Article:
Hélène Sardeau ( July 7, 1899 – 1968 (or 1969) ) was an American sculptor born in Antwerp who moved with her family to the US when she was about 14 years old.
Sardeau studied at the Art Students League of New York, Cooper Union, and at the School of American Sculpture, all in New York City. She studied with Mahonri Young, perhaps at SCA, where he taught.
She was a founding member of the Sculptors Guild. In the summer of 1949 she was one of 250 sculptors who exhibited in the 3rd Sculpture International held at the Philadelphia Museum of Art.
Sardeau was the wife of painter George Biddle.
Sardeau’s papers can be found in the Smithsonian Institution’s Archives of American Art.
- “executed reliefs” for the National Library in Rio de Janeiro and the Supreme Court of Justice of the Nation in Mexico City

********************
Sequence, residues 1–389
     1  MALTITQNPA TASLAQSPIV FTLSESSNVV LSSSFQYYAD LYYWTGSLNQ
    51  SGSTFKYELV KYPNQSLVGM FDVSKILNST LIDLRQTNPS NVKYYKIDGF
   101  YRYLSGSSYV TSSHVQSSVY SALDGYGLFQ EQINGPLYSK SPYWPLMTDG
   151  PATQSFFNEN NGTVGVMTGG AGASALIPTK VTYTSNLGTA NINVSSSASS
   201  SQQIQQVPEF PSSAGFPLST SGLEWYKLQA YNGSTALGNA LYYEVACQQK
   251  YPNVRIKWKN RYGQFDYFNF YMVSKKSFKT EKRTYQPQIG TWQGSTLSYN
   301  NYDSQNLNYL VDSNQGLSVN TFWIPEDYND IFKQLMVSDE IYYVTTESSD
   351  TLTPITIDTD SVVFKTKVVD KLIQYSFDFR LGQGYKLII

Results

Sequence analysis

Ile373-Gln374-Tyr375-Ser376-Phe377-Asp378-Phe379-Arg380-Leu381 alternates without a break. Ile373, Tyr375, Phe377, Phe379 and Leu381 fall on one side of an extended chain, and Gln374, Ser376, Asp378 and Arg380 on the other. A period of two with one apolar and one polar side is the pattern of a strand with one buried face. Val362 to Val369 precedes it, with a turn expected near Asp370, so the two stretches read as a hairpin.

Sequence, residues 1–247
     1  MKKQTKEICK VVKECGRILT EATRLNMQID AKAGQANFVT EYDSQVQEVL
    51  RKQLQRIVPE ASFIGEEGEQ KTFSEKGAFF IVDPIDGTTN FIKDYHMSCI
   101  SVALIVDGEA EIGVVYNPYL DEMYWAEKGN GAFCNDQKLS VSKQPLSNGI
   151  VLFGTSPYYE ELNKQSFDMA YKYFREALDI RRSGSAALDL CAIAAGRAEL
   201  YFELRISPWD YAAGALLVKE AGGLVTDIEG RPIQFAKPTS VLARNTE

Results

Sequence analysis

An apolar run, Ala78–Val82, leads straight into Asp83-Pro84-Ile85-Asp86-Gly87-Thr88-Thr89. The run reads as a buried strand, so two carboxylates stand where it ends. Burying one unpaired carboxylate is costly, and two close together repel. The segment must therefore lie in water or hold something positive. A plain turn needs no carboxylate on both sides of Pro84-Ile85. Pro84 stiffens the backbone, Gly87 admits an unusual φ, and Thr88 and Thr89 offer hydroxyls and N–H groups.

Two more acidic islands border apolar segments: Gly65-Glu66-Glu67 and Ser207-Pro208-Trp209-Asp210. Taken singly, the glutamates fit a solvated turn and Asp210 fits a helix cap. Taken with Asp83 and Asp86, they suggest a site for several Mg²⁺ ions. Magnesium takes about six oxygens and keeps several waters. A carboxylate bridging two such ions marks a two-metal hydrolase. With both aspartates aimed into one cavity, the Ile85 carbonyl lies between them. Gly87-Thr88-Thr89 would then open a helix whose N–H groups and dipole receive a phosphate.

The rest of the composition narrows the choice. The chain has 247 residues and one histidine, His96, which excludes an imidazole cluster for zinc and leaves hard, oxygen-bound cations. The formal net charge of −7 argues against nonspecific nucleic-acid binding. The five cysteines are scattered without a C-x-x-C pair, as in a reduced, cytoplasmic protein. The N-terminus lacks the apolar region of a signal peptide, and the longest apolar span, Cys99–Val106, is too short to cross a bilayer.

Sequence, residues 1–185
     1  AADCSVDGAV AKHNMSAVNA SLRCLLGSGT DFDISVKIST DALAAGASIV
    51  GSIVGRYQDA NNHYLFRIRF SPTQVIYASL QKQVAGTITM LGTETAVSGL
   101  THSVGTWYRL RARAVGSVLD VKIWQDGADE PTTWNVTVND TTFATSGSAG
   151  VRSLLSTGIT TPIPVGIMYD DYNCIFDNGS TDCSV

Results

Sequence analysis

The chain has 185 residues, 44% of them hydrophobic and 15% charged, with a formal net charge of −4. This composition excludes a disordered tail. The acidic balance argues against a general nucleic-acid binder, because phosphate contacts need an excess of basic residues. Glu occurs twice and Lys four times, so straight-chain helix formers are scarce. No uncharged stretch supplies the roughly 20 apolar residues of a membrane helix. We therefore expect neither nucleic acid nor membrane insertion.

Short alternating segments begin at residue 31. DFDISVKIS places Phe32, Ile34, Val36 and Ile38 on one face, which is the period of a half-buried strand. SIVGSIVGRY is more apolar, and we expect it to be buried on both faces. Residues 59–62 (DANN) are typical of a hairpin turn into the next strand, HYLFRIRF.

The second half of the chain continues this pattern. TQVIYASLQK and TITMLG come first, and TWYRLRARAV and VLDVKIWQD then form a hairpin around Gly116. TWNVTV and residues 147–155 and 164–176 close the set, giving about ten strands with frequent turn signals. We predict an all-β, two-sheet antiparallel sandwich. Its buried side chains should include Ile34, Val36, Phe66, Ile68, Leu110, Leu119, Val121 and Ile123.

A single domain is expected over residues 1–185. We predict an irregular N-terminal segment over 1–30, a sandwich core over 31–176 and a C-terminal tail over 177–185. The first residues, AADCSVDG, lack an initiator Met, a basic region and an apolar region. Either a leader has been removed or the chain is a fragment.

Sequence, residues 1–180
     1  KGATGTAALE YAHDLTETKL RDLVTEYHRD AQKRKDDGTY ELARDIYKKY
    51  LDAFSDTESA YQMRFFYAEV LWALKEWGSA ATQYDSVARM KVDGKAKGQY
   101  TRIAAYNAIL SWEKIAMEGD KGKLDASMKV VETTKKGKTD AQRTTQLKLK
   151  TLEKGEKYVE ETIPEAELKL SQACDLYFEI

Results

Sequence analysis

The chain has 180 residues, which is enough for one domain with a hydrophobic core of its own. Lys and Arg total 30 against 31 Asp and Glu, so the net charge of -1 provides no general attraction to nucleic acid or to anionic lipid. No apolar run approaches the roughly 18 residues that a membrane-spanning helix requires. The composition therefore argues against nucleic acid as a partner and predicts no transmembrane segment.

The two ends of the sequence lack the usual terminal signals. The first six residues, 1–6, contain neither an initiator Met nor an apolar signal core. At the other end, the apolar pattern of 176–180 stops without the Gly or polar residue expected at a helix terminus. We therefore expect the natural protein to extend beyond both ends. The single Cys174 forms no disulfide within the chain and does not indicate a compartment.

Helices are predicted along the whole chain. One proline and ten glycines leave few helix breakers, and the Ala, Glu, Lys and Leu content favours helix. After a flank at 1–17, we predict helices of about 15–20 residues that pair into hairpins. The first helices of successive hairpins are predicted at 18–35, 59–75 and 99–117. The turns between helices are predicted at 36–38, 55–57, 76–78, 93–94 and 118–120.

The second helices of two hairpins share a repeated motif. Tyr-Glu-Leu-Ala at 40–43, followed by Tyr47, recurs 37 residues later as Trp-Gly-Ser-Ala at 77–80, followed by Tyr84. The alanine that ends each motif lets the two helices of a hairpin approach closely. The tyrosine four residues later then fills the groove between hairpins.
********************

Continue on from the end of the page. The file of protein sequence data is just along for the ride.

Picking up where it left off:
- in many private collections and:
- Amazon, Pennsylvania Academy of the Fine Arts, Philadelphia (1932)
- Mother and Child, Whitney Museum of American Art, New York City (1933)
- The Slave, Ellen Phillips Samuel Memorial, Fairmount Park, Philadelphia (1940)
- Negro Lament, Philadelphia Museum of Art (1941)
- Kneeling Woman, Metropolitan Museum of Art, New York City (1955)
- "Rape of the Sabine", Corcoran Gallery of Art, Washington, D.C.
- obituary dated “3-27-69”
- "SIRIS - Smithsonian Institution Research Information System".